1824 - 1904
ALMEHS PLAYING DRAUGHTS
signed J.L.GEROME lower centre
oil on canvas
65 by 55cm., 25½ by 21½in.
We are grateful to Dr Emily M. Weeks for her assistance in cataloguing this work which will be included in her revision of the artist's catalogue raisonné by Gerald M. Ackerman.
Mrs. T. A. Scott, Philadelphia (by 1885 and until at least 1895; as Almehs playing Checkers)
Private Collection, USA, until at least 1904
Newhouse Galleries, New York
The Nelson-Atkins Museum of Art, Kansas City (purchased from the above in March 1932)
Schoneman Galleries, New York (purchased from the above in May 1947)
Sale: Christie's, New York, 27 October 1983, lot 82 (as Almehs playing chess in a café)
Mathaf Gallery, London
Purchased from the above
Edward Strahan, ed., Gérôme, A Collection of the Work of J.-L. Gérôme in One Hundred photogravures, vol. 5, New York, 1881, illustrated (as Almehs Playing Checkers)
Recueil; Oeuvres de J.L. Gérôme, vol. III, no. 6, Paris
Catalogue de Paris, 1883, p. 42 (as Almées jouant aux échecs)
New York, The Metropolitan Museum of Art, on long-term loan November 2007 - October 2016
Painted circa 1870.
Almeh, from the Arabic ‘learned woman’, was the name of a class of female entertainers in Egypt. Trained in dancing, singing and poetry, almehs (Arabic plural awalim) were present at festivals and entertainments and hired as mourners at funerals. Gérôme's composition Dance of the Almeh (1863, Dayton Art Institute) marked an important early appearance of the type in his oeuvre; he later had the chance to observe and study almeh girls on his visit to the Fayoum oasis in 1868. His travelling companion Paul Lenoir recorded their encounter in his description of their travels published in 1872. They met a group of them at Sinuris and invited the women to join them. Gérôme’s brother-in-law, Albert Goupil, took photographs of them and Gérôme even bargained for items of their clothing to be worn by his models on his return to France. He painted a whole series of pictures of almehs in the next few years, all of them shown wearing the same full silk trousers and diaphanous blouses. Often they were single-figure compositions with the model staring seductively at the viewer. The present work, by contrast, shows two girls playing draughts, as well as a bashi bazouk, an irregular in the Ottoman army posted on duty to Egypt, observing them.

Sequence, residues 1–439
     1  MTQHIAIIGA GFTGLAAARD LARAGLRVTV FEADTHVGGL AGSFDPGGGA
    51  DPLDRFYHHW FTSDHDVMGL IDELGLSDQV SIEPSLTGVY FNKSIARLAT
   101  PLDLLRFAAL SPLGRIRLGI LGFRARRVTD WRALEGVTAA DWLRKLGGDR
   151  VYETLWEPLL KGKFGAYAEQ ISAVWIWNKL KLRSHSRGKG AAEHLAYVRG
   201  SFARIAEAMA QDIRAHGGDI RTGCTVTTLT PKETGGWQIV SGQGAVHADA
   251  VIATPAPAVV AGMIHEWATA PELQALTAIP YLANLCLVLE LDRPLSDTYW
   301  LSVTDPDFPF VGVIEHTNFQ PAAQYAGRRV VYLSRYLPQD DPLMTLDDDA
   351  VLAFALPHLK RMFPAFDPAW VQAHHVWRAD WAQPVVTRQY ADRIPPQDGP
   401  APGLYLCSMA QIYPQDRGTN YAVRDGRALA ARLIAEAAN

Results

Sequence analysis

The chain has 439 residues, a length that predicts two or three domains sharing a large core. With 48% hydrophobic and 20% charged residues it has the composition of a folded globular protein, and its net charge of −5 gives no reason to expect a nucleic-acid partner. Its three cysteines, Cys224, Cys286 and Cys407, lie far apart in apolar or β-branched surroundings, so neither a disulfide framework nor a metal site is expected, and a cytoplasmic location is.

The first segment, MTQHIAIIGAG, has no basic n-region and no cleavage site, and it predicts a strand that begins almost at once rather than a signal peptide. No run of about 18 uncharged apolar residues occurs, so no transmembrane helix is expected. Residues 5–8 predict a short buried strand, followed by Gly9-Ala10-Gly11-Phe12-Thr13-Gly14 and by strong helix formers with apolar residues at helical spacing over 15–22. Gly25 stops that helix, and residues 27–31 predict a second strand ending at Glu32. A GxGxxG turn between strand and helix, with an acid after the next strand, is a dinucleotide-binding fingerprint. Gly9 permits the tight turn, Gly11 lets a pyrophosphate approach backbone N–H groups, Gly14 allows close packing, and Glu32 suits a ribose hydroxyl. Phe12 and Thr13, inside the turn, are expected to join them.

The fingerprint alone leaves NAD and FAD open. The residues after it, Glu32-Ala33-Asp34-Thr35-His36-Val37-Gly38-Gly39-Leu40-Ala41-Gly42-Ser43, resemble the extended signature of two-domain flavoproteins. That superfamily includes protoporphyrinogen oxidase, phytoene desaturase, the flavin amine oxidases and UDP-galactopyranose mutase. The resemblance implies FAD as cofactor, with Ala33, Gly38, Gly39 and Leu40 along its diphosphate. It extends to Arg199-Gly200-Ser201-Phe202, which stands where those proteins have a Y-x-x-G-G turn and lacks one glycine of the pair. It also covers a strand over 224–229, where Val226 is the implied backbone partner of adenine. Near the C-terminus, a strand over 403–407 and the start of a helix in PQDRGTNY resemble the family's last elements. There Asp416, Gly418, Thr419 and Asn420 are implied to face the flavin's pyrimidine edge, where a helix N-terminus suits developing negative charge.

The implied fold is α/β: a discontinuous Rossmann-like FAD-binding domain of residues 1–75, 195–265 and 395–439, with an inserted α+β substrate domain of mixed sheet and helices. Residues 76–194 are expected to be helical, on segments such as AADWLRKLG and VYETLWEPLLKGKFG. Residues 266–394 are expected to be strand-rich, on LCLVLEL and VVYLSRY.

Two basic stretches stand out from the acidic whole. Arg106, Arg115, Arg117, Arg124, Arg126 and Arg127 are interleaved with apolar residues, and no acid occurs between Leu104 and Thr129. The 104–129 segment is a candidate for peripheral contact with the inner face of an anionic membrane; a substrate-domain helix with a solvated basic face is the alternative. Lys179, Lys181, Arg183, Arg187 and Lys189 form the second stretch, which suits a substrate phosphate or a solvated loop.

The present work was published as a photogravure by Goupil & Co.